<< Chapter < Page Chapter >> Page >

You will find listings of the source code used to create these melodies later in this module.

Play or file the melody

The code in Listing 4 uses the standard procedure to either play or file the melody that was created in Listing 3 .

Listing 4 . Play or file the melody.
new AudioPlayOrFile01(audioParams,melody,this.args[0]).playOrFileData();}//end constructor //-------------------------------------------------------------------------//}//end class MusicComposer08.java

An extremely important concept

While this may seem like a rather innocuous result, runtime polymorphism is an extremely important concept in object-oriented programming. One of theimportant applications of runtime polymorphism is the Java Collections Framework . A series of accessible modules that explain the framework begins with Java4010 : Getting Started with Java Collections .

Run the program

I encourage you to copy the code from Listing 5 through Listing 16 . Compile the code and execute it. Experiment with the code,making changes, and observing the results of your changes. Make certain that you can explain why your changes behave as they do.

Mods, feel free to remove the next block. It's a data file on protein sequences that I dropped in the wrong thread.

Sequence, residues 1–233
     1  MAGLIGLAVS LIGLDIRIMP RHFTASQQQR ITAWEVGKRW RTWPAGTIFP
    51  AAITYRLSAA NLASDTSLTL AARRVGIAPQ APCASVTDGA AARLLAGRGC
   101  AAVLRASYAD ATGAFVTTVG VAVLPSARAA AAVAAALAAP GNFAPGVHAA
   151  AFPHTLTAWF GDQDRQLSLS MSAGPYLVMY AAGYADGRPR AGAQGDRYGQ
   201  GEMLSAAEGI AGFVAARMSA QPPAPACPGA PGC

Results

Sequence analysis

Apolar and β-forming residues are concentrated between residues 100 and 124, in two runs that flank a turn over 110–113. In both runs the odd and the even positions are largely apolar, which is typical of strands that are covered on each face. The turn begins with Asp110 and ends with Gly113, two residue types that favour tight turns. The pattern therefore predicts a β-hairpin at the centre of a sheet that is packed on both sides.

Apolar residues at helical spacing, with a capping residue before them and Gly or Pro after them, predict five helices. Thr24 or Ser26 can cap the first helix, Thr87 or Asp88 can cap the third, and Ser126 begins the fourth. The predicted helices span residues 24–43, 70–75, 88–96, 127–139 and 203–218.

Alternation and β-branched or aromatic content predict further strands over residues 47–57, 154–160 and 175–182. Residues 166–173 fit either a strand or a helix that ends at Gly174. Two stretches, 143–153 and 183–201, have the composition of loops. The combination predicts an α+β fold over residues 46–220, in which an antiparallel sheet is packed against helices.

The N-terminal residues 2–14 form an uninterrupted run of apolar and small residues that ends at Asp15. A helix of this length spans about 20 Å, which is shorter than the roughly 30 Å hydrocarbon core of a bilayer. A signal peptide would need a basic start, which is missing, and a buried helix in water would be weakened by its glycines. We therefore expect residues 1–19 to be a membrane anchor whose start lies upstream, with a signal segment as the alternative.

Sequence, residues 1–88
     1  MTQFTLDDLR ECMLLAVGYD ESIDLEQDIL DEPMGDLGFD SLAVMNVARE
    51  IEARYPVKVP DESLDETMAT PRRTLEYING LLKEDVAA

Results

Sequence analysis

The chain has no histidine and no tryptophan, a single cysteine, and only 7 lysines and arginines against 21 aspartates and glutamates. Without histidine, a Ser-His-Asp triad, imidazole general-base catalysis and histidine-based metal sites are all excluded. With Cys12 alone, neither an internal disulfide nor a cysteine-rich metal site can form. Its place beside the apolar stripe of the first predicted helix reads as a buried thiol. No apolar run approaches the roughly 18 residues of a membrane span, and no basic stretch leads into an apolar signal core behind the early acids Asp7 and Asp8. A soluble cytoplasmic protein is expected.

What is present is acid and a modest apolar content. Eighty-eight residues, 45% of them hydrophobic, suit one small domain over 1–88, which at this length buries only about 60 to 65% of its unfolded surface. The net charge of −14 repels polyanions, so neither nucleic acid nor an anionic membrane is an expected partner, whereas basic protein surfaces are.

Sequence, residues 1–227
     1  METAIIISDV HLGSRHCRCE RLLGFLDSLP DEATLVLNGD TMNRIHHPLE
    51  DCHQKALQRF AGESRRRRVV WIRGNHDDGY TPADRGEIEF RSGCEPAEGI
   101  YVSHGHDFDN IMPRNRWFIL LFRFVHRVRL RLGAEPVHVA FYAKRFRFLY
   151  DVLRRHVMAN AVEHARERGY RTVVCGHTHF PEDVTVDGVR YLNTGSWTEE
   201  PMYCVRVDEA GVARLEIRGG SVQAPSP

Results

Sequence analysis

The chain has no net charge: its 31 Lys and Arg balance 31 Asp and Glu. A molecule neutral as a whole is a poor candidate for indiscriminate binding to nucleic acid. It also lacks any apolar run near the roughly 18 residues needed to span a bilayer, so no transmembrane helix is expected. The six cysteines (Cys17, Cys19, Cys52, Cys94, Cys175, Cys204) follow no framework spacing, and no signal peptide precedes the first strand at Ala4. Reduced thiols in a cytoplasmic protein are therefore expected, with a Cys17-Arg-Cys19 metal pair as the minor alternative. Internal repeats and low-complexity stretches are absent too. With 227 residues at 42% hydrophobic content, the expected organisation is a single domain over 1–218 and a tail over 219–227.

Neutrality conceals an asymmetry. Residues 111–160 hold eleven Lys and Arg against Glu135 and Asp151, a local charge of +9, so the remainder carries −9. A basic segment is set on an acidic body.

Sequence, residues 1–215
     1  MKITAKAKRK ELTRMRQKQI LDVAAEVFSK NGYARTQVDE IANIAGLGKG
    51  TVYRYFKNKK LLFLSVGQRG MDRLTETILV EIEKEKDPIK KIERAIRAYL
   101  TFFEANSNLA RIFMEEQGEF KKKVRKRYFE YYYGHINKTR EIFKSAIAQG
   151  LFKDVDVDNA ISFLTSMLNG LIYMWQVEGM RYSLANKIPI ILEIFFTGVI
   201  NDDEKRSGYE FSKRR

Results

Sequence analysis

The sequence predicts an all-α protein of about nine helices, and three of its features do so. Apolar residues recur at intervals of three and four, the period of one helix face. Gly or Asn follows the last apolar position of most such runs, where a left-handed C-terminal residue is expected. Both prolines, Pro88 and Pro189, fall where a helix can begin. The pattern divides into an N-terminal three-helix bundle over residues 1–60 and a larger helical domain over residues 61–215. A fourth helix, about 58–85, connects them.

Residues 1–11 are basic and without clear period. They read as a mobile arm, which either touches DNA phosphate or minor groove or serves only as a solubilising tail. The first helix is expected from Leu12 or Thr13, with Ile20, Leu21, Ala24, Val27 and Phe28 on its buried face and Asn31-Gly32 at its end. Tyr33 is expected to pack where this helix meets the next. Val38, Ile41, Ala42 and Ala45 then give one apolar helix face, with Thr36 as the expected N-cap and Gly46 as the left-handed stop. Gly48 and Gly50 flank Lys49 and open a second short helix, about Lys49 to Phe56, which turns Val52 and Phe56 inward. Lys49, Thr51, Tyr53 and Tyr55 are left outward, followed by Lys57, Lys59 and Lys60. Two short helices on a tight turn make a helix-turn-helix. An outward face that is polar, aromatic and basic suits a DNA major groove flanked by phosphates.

This section contains a variety of miscellaneous information.

Housekeeping material
  • Module name: Jbs2050-Runtime Polymorphism with Java Sound
  • File: Jbs2050.htm
  • Published: 08/27/14
  • Revised: 09/29/15

Financial : Although the OpenStax CNX site makes it possible for you to download a PDF file for the collection thatcontains this module at no charge, and also makes it possible for you to purchase a pre-printed version of the PDF file, youshould be aware that some of the HTML elements in this module may not translate well into PDF.

You also need to know that Prof. Baldwin receives no financial compensation from OpenStax CNX even if you purchase the PDF version of the collection.

In the past, unknown individuals have copied Prof. Baldwin's modules from cnx.org, converted them to Kindle books, and placedthem for sale on Amazon.com showing Prof. Baldwin as the author. Prof. Baldwin neither receives compensation for those sales nordoes he know who does receive compensation. If you purchase such a book, please be aware that it is a copy of a collection thatis freely available on OpenStax CNX and that it was made and published without the prior knowledge of Prof.Baldwin.

Affiliation : Prof. Baldwin is a professor of Computer Information Technology at Austin Community College inAustin, TX.

Complete program listings

Complete listing of the twelve classes required by the program discussed in this module are provided below.

Listing 5 . The class named AudioGraphSinusoidal.